As a general strategy, I recommend repeatedly asking yourself the question:
Is my behavior appropriate in the respective situation or towards the respective person?

  • Estimating whether your behavior is appropriate in a situation or not includes taking into account what this situation is about and its intended goals.
    A real life example: If you meet at a bar, most people won’t be interested in discussing politics, even though you might be very interested in that. For many gifted people, their emotional associations as well as their intellectual activation and effort conflicts with their intention to relax and party. The same is true for funerals, for example, where it also doesn’t make sense to demand a lot of space for this kind of conversation, because this event is about the grieving and consolidating family members.
  • Appropriateness towards the respective person: Here, you need to take into account three different aspects:

1. Is the other person intellectually capable of understanding me?
2. Is the other person interested in my topic?

Actually, all people – gifted or not – need to consider these two aspects all the time: For example, you adapt your way of speaking to a child’s age, or speak more slowly and pronounced when you are speaking to somebody who is just learning your language, is deaf etc.…  And if somebody wins a sports competition, you don’t give away a physics book as a reward.

Nevertheless, a gifted person needs to adapt much more than the normally gifted.

The third aspect is particularly specific to the highly gifted and concerns the following question:

3. Is the other person emotionally capable of handling my giftedness?

You need to estimate whether a teacher can handle when you know more than them, or whether this will cause negative thoughts and emotions they cannot adequately deal with. A boss might fear that a gifted person wants to take his seat.

In both of these examples, both parties suffer: The person who feels afraid or envious as well as the gifted person, who is facing openly or covertly negative reactions that are mostly unconscious (cf. Ambivalence Dilemma).

This is why it is so important to gauge the emotional reactions of your interaction partner and set priorities. For example: 

  • I understand the other person’s reaction and put my needs aside for their sake.
  • I protect myself from negative reactions and put my needs aside for my own sake.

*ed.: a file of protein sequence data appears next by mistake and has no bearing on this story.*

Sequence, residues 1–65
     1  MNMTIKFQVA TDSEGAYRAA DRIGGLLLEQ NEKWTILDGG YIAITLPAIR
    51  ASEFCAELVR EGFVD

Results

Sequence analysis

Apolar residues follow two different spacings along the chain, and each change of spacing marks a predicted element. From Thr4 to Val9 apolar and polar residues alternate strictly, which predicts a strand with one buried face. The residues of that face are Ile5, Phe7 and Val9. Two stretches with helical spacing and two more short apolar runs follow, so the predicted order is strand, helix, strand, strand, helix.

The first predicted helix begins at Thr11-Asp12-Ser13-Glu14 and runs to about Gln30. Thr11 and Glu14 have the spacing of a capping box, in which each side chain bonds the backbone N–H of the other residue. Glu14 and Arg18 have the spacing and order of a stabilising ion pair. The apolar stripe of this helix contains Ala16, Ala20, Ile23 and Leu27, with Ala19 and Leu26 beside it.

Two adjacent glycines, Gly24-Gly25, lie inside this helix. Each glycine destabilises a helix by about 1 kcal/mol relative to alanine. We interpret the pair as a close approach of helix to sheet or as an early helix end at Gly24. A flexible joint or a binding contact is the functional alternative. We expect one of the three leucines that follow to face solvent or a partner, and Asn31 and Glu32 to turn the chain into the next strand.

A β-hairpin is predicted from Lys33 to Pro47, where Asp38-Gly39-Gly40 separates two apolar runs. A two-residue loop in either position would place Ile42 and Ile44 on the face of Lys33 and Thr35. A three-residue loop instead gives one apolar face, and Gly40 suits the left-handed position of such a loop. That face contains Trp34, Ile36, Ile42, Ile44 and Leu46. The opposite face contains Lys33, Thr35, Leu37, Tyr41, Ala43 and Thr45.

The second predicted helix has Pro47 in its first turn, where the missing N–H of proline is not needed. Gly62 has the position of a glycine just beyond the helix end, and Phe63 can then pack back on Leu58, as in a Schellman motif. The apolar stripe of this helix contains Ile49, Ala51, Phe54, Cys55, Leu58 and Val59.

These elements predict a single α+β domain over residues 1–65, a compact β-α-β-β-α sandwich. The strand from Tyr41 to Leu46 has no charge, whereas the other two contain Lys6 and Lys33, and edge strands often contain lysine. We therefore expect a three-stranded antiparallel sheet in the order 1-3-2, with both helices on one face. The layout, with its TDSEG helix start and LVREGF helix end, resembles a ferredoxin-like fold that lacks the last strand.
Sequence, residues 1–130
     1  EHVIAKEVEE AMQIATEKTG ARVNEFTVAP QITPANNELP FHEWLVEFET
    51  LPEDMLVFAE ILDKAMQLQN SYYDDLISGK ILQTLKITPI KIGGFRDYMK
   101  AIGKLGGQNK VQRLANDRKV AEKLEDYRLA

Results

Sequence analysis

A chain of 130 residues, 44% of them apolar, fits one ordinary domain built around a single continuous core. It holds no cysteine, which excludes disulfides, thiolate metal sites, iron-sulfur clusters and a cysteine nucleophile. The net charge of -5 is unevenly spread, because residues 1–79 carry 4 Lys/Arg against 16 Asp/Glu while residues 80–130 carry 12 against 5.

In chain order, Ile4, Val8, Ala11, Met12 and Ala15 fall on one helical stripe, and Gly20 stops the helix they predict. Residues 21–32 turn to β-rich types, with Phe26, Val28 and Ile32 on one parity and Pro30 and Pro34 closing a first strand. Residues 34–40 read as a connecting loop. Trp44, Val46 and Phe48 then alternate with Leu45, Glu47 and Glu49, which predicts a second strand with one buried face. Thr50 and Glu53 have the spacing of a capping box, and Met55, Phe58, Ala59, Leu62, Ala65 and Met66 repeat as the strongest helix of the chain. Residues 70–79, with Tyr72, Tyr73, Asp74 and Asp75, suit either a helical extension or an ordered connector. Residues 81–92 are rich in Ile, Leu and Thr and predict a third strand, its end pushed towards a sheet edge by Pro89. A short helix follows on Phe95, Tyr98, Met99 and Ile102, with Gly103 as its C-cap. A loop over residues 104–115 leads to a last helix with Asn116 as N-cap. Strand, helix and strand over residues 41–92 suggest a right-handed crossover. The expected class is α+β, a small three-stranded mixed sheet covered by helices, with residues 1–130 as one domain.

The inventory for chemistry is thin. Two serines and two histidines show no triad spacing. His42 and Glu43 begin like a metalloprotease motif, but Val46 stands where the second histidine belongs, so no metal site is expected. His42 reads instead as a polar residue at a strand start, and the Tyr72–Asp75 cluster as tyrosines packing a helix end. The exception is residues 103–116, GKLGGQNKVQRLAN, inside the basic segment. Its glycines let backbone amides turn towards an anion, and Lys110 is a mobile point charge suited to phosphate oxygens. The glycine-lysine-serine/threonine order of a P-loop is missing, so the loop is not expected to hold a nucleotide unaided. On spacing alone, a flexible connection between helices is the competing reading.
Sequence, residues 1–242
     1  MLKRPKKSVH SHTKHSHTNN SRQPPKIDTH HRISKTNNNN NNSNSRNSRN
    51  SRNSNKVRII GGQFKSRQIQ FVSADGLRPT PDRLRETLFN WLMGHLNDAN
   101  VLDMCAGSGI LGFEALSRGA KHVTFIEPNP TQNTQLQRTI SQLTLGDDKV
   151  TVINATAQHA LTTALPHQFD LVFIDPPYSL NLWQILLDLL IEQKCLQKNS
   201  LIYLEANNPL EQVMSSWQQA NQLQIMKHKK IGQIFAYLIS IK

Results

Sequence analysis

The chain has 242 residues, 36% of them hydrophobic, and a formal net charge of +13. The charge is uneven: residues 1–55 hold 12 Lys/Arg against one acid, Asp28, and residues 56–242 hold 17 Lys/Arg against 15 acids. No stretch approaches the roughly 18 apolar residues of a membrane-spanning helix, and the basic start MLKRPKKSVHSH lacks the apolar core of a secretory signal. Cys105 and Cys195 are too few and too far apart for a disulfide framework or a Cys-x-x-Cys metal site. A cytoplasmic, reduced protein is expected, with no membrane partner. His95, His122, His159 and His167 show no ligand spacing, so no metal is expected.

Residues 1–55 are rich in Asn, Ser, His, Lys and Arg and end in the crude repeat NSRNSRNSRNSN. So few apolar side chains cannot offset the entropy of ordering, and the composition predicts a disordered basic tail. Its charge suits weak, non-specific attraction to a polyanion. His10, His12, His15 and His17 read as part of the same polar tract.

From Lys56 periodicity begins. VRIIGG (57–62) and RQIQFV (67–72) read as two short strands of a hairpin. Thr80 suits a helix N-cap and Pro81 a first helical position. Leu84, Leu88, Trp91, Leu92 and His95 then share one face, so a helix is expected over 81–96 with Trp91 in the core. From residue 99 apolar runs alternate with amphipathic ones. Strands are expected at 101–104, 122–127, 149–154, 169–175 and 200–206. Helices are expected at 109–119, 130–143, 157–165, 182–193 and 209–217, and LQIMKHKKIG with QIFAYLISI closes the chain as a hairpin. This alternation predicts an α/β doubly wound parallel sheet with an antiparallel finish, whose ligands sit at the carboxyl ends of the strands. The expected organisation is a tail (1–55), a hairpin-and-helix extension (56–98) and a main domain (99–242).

• I don’t have to assert myself completely and immediately, but I can, for example, approach things more strategically and diplomatically, seek exchange, or insist on only one specific aspect, etc.
  • I can’t accept that (e.g. I expect more professionality from others/ the sacrifice is too big). That’s why I show myself and fight.

Reading the above, you may realize that social integration needs to come mostly from the side of the gifted people, which leads to constant inner tension (cf. Ambivalence Dilemma).

This process is exhausting for many and must be recognized and appreciated. 

Sometimes, it will cause feelings of frustration and overexertion. 

If this happens often, it can lead to feelings of helplessness, depression, resentment and aggression.
The more competently, autonomously and effectively you can manage the challenges of giftedness and the more access you have to you own resources, the more these symptoms will vanish. This includes developing realistic expectations and withstanding some circumstances and certain unfairness. This is something all people have to learn and there are groups who are just as bad or worse off, such as people of a different skin color, of immigrant descent, disabled people etc. Normally gifted people also need to cope with the unfairness of having to work harder to intellectually understand things or certain doors remaining closed to them.

It is very useful for the gifted, however, to seek exchange with other gifted people, since this requires no integration efforts (or not more than usual). Click here to find addresses of giftedness societies etc.

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